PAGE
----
As usual, however, after fatal collisions, SMART’s senior leaders will gather to discuss whether any improvements are warranted along the 43-mile rail line stretching from San Rafael north to the Charles M. Schulz-Sonoma County Airport in north Santa Rosa.

SMART train fatal crashes

Jan. 31, 2018: Marion Harrison, 64, of Santa Rosa was standing on the tracks when she was struck and killed by a train near Hearn Avenue. Her death was ruled a suicide.

Aug. 13, 2018: Marcia Eleanor Fisher, 72, was hit by a SMART train at the Hamilton Station in Novato. Her death was ruled a suicide.

Aug. 30, 2018: Joseph De Frates, 29, was wearing headphones and looking down when he walked into the path of a northbound train on Golf Course Drive in Rohnert Park. His death was ruled an accident.

Nov. 16, 2018: Michael Rosenberg, 68, died in an early-morning crash when he was hit by a southbound train near the Hearn Avenue pedestrian crossing. Authorities said he had his back to the train and did not respond to the engineer’s horn, leading officials to rule his death a suicide.

June 27, 2019: Jimmie Joy Qualls, 30, went under lowered gates on Golf Course Drive in Rohnert Park in an apparent attempt to beat a northbound train. Although the investigation is ongoing, officials believe her death was accidental.

June 28, 2019: Gary Raymond Danning, 66, of Santa Rosa, rode his bicycle into the path of a train crossing Golf Course Drive near Commerce Boulevard. He had a hood on and his head down, and may have been wearing headphones. Although the investigation is ongoing, officials believe his death was accidental.

Farhad Mansourian, SMART’s general manager, declined an interview request Friday to discuss rail safety in light of the fatalities this week. A transit agency spokeswoman said Mansourian was traveling on the East Coast.

After the two deaths this week, Rohnert Park police officers patrolling near the railroad tracks are on high alert. However, based on the circumstances surrounding each crash, no additional officers will be assigned to monitor the tracks near the Golf Course Drive crossing, Rohnert Park Public Safety Director Tim Mattos said.

“We’re looking at the bigger picture and trying to figure out how to make sure the public is aware of train safety and track safety to make sure those crossings are even safer,” Mattos said. “We can continue to put stuff in place, but we really need people to adhere to the safety precautions.”

In August, the first fatality at the Golf Course Drive rail crossing involved 29-year-old Joseph De Frates. He was hit and killed by a SMART train while walking east on Golf Course Drive. De Frates’ mother has said investigators told her that her son had bought a pair of noise-isolating headphones shortly before the crash and was likely listening to loud music at the time of that crash.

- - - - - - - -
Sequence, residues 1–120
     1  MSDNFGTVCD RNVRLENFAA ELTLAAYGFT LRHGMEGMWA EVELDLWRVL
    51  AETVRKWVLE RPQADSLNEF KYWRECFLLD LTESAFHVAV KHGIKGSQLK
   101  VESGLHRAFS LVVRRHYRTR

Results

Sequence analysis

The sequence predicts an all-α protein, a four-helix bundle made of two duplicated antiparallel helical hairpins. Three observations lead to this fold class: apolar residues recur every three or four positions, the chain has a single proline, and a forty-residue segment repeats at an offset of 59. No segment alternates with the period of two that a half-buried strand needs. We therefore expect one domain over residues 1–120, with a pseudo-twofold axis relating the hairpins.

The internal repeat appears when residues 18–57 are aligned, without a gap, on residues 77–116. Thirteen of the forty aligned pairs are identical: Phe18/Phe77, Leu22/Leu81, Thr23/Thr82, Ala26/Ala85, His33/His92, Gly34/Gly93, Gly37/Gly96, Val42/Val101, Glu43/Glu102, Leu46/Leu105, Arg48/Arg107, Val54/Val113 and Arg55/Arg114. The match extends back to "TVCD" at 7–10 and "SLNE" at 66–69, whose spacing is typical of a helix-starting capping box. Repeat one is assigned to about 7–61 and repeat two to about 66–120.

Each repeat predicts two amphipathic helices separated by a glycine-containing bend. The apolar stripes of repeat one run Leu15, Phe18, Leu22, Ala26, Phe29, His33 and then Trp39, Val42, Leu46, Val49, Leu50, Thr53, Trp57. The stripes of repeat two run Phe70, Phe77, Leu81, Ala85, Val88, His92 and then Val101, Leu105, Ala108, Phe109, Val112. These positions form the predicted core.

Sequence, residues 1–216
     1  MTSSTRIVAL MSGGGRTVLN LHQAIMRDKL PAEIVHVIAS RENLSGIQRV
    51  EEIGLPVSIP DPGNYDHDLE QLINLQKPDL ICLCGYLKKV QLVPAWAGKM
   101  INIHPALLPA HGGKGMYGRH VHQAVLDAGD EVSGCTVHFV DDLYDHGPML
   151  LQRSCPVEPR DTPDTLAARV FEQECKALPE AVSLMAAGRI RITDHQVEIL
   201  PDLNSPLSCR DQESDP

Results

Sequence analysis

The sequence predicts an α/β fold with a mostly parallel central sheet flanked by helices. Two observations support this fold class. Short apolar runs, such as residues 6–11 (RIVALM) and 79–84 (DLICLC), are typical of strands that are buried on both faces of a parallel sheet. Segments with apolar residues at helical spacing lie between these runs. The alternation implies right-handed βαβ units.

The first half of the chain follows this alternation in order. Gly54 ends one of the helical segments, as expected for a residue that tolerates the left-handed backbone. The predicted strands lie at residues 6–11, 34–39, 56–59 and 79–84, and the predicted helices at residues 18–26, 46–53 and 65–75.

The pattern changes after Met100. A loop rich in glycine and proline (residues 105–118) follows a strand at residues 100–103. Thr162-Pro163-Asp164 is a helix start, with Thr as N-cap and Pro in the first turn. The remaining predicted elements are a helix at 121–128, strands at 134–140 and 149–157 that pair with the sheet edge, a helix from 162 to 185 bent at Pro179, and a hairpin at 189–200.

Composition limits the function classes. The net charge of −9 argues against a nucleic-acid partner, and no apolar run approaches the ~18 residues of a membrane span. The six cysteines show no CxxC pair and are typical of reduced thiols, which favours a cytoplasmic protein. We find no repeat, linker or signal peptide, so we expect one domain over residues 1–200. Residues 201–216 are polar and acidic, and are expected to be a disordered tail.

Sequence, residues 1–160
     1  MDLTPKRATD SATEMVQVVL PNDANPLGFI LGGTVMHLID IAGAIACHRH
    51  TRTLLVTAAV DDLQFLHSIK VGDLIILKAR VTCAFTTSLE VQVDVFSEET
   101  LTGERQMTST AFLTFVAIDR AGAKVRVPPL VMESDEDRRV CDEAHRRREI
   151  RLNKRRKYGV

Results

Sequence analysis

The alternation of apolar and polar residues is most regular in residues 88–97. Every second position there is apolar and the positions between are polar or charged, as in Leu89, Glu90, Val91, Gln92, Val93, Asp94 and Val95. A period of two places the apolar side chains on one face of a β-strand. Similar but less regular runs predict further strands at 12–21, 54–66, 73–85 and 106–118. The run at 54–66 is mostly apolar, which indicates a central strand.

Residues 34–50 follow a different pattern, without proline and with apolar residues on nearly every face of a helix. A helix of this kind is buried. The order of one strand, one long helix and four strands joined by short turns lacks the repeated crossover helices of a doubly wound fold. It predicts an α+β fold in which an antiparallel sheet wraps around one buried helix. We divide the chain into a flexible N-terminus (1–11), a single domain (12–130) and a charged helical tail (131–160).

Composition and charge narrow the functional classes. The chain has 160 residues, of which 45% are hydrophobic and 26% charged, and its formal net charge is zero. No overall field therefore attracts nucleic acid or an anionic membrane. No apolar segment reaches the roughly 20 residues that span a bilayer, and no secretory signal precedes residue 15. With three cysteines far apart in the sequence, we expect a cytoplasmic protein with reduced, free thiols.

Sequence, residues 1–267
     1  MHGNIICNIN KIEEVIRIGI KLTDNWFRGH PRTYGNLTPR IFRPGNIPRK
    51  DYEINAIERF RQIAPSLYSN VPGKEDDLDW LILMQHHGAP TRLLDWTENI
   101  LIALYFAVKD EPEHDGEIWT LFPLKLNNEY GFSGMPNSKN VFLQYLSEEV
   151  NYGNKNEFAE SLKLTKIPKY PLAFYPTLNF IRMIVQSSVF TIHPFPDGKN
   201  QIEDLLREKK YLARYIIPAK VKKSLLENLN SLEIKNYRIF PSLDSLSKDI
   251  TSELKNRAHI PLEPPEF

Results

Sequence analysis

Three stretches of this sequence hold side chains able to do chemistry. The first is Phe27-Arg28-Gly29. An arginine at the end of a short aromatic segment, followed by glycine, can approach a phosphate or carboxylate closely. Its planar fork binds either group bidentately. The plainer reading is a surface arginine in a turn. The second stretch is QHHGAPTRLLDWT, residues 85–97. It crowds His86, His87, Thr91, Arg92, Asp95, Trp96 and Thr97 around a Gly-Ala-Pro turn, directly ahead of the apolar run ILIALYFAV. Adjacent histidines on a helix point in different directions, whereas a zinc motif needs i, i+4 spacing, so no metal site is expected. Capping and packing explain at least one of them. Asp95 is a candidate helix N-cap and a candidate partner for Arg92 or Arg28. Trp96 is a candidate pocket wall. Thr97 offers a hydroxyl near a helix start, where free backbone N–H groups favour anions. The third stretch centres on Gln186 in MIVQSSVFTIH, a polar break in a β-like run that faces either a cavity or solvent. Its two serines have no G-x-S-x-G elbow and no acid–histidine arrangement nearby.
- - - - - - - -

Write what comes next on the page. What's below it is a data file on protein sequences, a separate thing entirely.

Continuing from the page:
“All three of the fatalities in this intersection, in my opinion, were avoidable,” said Johnson, Rohnert Park’s deputy public safety chief.

The deaths underscore how important it is for the public to be aware of their surroundings when approaching railroad tracks, Petaluma resident Gregg Gallagher said, while waiting for his southbound train at SMART’s downtown Santa Rosa station Friday afternoon.

“I still look before crossing,” Gallagher said, pointing to the station’s pedestrian gates, which were raised. “Stop, look and listen before crossing the tracks.”

He called the two train-related deaths this week “awful.”

Mariana Lopez, 17, of Petaluma, who was also at the downtown Santa Rosa train station, said she recently saw a man and woman sitting with feet hung over the station’s raised platform, both ignoring a honking incoming train until the last moment. Lopez thinks people not paying attention has been a key factor in the train fatalities.

Rohnert Park Mayor Gina Belforte said SMART officials have been asked to attend a July 9 city council meeting, adding the city could “be a megaphone for their safety issues.”

Regarding rail safety and self-awareness around the train tracks, “People just need to understand that train is going 65, 70 mph, and people just have to pay attention to what that means: You’re not going to win with a train,” Belforte said. “You’re not.”

Staff Writer Alexandria Bordas contributed to this story.